Let’s just get this out of the way: the Rockets are who they are. Being a prolific isolation team is what got them to this point. Their offense isn’t going to become Spursian all of a sudden. And that’s okay!

Houston’s course of attack isn’t the issue. The way they went about it in Game 1 is, though. Having Harden or Paul walk up the floor, call for a half-hearted screen, then dribbling into oblivion isn’t how you beat Golden State. That kind of simplicity is easy to defend and doesn’t put any pressure on the Warriors.

Throw in some action beforehand? You may have something.

Though Houston forced a lot of Steph switches in Game 1, Golden State typically wants him to hedge-and-recover against Harden pick-and-rolls. In the clip above, Houston leverages that to get Harden downhill and force a commitment from Draymond Green. A timely cut by Clint Capela gives Harden an outlet for the lob. Easy stuff.

How about some reps out of Houston’s 21 Series (can get more of a primer on that here and here)?

We rarely saw this in Game 1. Even in that example, it was used to force a switch that flowed into an iso. With a bit more urgency and better screening, Houston’s guards can get into the paint like they were able to during the regular season.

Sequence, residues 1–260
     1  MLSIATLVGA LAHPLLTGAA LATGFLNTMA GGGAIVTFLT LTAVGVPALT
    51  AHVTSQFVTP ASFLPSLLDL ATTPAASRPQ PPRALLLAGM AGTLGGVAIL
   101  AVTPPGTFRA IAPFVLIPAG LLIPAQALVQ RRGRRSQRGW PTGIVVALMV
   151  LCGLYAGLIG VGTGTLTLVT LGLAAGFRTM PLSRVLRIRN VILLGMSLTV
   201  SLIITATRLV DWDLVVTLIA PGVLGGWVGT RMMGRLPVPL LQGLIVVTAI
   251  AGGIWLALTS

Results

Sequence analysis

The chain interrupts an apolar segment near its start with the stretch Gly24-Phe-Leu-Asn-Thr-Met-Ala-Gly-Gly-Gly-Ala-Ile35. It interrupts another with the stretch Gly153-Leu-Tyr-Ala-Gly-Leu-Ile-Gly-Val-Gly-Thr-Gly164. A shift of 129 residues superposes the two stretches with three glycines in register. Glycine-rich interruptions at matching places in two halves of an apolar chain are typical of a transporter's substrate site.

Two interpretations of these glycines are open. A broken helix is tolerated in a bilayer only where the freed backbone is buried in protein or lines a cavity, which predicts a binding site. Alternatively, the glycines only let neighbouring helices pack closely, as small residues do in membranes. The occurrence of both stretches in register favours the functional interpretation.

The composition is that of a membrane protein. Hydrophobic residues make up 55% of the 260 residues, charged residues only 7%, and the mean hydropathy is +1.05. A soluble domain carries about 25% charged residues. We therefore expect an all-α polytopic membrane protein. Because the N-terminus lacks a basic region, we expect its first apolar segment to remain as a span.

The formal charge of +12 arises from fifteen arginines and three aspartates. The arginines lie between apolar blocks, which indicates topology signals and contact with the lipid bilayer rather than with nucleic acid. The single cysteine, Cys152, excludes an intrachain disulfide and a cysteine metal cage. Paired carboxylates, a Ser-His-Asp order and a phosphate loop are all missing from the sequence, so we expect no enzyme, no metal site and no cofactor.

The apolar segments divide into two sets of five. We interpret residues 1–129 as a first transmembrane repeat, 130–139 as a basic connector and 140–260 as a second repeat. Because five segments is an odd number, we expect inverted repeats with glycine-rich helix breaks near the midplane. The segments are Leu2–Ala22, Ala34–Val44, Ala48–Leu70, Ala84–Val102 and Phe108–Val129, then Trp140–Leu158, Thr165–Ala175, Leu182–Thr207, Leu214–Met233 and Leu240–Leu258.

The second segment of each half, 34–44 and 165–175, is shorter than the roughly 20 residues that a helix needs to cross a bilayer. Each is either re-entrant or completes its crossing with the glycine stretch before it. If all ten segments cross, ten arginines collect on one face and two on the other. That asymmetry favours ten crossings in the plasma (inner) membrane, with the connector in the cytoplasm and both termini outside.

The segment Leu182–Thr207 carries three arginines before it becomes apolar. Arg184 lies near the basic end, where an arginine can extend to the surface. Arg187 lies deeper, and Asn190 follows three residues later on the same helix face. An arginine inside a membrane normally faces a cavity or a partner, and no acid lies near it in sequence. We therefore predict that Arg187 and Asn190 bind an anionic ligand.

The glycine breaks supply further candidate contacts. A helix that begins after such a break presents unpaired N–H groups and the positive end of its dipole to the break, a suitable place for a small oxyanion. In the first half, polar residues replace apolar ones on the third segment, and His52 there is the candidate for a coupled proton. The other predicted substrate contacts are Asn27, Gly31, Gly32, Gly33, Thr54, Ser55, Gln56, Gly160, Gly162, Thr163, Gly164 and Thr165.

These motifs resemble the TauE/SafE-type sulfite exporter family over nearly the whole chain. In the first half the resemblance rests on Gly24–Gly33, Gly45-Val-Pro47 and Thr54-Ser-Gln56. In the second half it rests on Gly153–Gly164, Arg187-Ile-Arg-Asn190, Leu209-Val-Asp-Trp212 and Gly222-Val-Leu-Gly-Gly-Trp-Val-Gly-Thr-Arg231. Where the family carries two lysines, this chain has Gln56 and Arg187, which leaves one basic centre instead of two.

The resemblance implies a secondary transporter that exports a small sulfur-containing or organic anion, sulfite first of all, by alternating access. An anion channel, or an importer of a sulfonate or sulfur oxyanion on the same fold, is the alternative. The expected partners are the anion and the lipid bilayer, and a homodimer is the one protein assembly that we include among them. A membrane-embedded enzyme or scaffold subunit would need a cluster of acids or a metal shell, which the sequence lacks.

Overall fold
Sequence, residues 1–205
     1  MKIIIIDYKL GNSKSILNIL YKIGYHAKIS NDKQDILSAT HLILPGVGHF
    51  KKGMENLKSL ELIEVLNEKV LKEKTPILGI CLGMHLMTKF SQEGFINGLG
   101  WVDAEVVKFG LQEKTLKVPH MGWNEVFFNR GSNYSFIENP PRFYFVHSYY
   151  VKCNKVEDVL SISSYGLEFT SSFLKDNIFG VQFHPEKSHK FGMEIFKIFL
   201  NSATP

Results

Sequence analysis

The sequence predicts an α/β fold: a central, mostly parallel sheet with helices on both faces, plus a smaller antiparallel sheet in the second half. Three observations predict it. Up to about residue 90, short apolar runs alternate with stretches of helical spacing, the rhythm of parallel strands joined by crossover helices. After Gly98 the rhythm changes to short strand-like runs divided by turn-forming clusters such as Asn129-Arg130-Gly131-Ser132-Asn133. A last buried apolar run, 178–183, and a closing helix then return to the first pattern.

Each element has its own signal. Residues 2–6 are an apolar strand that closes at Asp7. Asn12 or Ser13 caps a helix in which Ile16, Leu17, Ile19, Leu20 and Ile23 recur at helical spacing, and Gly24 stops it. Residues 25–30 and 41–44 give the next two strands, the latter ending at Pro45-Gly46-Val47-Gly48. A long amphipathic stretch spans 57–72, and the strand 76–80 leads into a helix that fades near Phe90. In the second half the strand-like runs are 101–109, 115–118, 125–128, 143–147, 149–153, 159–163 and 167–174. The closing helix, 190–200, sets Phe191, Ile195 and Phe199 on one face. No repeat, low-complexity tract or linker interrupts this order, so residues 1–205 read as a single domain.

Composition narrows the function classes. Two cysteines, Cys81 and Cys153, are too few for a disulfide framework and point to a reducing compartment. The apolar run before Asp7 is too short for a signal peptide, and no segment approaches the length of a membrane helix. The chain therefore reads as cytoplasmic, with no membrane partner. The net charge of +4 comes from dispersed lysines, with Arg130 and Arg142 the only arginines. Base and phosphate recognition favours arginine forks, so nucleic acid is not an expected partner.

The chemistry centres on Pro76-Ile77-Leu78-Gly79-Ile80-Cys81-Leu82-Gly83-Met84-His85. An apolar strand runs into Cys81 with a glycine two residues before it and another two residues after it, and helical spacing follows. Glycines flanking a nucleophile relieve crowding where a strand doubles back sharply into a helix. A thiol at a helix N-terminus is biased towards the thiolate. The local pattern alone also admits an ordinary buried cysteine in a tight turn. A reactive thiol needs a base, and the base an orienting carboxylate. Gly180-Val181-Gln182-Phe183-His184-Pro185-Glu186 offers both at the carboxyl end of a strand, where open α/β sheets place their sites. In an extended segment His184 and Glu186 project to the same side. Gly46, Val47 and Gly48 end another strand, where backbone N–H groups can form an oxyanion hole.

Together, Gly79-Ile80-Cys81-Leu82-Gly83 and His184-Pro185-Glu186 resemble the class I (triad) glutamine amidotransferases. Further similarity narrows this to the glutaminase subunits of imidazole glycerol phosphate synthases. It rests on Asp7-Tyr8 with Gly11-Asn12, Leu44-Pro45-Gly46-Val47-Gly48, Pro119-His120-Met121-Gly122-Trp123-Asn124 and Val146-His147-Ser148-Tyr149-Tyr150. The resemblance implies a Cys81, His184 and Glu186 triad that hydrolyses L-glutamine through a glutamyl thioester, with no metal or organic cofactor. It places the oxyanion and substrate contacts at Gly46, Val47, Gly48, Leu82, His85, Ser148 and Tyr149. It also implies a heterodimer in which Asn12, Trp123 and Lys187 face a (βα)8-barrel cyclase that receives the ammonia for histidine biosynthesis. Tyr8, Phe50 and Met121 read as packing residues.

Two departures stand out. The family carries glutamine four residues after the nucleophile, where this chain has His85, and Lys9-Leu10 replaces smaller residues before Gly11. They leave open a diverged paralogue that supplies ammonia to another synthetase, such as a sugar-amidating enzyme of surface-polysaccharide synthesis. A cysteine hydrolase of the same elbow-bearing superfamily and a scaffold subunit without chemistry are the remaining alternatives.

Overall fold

3. Keep Golden State on their toes off-ball

Rockets, Clint Capela

May 14, 2018; Houston, TX, USA; Houston Rockets center Clint Capela (15) tries to pass the ball against Golden State Warriors forward Draymond Green (23) during the third quarter in game one of the Western conference finals of the 2018 NBA Playoffs at Toyota Center. Mandatory Credit: Troy Taormina-USA TODAY Sports

Of Harden’s 14 made shots (and 41 points overall), this bucket stood out the most.

The most noticeable part is Harden reversing action on the assumed dribble-handoff and burning Durant with a cut. But take a gander at the weakside on this play. There’s screening action between Mbah a Moute and Gordon. Gerald Green is strategically placed in the corner so Curry can’t rotate over. Klay Thompson has his back turned because he’s occupied with tracking Gordon. All of that adds up to a few acres of space for Harden to cut into.

As far as I know, there’s no rule against running decoy action on the opposite side of the play. Even if you plan to isolate, that’s a better alternative than having everyone stand in one spot.